In the end, firing Rumsfeld might send an important message to the Iraqis and to the rest of the world, but it will not correct the problem. Dick Cheney will still be in office. Paul Wolfowitz will still be in office.

            The nation will still be led by a man who believes that the United States knows how the rest of the world should be governed, and that God put him in the White House.

            And the president, presumably, will continue to lead in the polls.


The US and world law

The Geneva Conventions of 1949 are a set of international laws that govern the treatment of people captured during armed conflicts. The United States ratified the laws, and it is subject to them.

            American war-movie fans may be most familiar with Convention Three, which protects Prisoners of War, including military personnel. Among those protections is that POW's are required to give only their name, date of birth, rank, and serial number. Conventions One and Two protect captured medical and the wounded or sick. Convention Four protects captured civilians.

            In total, the Conventions protect every person involved in armed conflict. Regardless of whether the prisoners are soldiers or civilians, the Geneva Conventions require that they be treated humanely and not subjected to torture.

            Convention Four, protecting non-military prisoners, prohibits --- "at any time and in any place whatsoever" --- the following: "A) violence to life and person, in particular murder of all kinds, mutilation, cruel treatment, and torture; B) taking of hostages; C) outrages upon personal dignity, in particular humiliating and degrading treatment; D) the passing of sentences and the carrying out of executions without previous judgment pronounced by a regularly constituted court, affording all the judicial guarantees which are recognized as indispensable by civilized peoples."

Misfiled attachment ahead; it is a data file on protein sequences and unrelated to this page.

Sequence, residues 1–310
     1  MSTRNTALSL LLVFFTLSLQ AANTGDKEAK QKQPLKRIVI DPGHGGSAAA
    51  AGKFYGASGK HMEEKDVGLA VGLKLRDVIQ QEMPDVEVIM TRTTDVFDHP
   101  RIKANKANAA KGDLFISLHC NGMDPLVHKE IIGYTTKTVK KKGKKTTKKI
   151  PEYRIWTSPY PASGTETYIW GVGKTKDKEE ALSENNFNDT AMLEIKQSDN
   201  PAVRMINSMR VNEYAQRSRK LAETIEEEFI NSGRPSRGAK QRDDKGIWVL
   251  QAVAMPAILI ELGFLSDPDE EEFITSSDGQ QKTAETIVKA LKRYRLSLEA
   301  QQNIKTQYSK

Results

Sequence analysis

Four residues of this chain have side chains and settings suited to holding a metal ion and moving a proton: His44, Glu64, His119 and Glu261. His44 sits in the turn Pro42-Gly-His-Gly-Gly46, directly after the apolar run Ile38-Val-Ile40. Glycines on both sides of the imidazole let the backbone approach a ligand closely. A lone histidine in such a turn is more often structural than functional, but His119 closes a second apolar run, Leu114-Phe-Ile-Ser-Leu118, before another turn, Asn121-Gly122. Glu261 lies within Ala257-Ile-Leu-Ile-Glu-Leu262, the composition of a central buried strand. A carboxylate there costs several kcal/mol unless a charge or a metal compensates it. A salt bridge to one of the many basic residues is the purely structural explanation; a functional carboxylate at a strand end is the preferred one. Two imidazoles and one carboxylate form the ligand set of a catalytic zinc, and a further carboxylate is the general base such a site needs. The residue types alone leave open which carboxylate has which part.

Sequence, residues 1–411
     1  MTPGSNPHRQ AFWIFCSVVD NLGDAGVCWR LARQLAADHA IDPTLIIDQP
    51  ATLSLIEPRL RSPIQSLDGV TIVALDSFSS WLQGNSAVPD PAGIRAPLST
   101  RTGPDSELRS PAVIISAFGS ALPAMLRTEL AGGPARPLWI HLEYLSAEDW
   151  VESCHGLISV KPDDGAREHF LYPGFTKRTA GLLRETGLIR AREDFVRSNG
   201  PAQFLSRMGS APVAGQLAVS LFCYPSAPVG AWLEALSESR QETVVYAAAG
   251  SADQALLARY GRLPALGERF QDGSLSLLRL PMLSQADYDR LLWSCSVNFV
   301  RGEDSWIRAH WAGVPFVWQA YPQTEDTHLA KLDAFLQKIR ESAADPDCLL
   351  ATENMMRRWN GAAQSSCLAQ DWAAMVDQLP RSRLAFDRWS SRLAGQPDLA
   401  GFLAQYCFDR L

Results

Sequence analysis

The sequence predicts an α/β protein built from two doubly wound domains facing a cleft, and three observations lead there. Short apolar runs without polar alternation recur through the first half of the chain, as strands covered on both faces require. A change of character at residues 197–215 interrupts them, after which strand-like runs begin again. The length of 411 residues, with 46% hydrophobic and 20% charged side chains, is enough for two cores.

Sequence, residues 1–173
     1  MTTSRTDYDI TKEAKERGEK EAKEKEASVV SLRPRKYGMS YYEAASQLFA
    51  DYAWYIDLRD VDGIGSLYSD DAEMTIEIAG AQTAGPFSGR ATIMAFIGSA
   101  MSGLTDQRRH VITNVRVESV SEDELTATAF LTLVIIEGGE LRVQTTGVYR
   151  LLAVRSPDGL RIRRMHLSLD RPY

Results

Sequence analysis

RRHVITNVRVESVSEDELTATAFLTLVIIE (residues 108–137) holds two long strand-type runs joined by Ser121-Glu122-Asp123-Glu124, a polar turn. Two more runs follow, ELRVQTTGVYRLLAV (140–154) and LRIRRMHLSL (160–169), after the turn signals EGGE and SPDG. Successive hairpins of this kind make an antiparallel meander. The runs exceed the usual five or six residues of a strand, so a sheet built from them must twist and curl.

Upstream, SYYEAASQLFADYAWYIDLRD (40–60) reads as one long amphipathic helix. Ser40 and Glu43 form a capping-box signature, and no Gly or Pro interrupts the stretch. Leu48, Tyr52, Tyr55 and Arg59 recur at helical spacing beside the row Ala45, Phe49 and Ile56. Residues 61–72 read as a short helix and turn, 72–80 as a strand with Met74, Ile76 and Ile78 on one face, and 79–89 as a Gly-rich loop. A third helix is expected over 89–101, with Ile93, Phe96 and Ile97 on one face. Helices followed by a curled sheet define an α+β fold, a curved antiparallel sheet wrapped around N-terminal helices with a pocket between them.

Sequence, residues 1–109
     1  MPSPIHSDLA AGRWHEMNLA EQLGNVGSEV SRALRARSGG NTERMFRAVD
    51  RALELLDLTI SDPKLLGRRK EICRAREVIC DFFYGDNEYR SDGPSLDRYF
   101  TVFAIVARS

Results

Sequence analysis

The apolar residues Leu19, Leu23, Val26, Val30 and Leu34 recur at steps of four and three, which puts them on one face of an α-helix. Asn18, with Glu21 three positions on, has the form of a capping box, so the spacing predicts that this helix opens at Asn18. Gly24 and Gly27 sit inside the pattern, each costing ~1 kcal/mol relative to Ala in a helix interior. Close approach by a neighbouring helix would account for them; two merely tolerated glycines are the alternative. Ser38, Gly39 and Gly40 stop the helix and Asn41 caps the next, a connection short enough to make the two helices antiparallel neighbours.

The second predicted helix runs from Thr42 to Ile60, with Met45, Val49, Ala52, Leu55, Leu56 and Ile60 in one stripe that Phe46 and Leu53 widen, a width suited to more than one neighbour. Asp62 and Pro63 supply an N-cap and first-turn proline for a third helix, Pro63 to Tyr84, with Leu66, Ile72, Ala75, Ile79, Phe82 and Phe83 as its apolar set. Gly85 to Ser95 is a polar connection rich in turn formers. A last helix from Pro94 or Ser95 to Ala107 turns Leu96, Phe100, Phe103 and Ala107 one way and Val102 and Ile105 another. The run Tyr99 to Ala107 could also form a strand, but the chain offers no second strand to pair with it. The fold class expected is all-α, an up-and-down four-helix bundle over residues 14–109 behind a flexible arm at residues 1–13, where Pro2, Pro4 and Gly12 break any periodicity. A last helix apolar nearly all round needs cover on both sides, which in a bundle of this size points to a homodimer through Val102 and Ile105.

In addition, the Conventions require that the International Committee of the Red Cross must have access to all prisoners --- and that governments must follow the Red Cross's recommendations regarding what it has found in its talks with prisoners.

            The International Committee of the Red Cross emphasized the extensive coverage of the Conventions, in a 1958 document called "Commentary: Geneva Convention Relative to the Protection of Civilian Persons in Time of War":

            "Every person in enemy hands must have some status under international law: he is either a prisoner of war and, as such, covered by the Third Convention, a civilian covered by the Fourth Convention, [or] a member of the medical personnel of the armed forces who is covered by the First Convention. There is no intermediate status; nobody in enemy hands can fall outside the law."

            Other international laws signed by the United States also provide protection, notes the organization Human Rights Watch, "against torture and other cruel, inhuman, or degrading treatment." Here's language from Article 2 of the International Convention Against Torture:

            "No exceptional circumstance whatsoever, whether a state of war or a threat of war, internal political instability or any other public emergency, may be invoked as a justification of torture."

            Violation of Article 2, says Human Rights Watch, "is a criminal offense of universal jurisdiction."

            Rumsfeld has insisted that the Geneva Conventions don't apply to the US treatment of prisoners captured in Afghanistan and sent to Guantanamo Bay. Human Rights Watch and others have disagreed strongly. But even Rumsfeld agrees that the Conventions apply to prisoners in Iraq.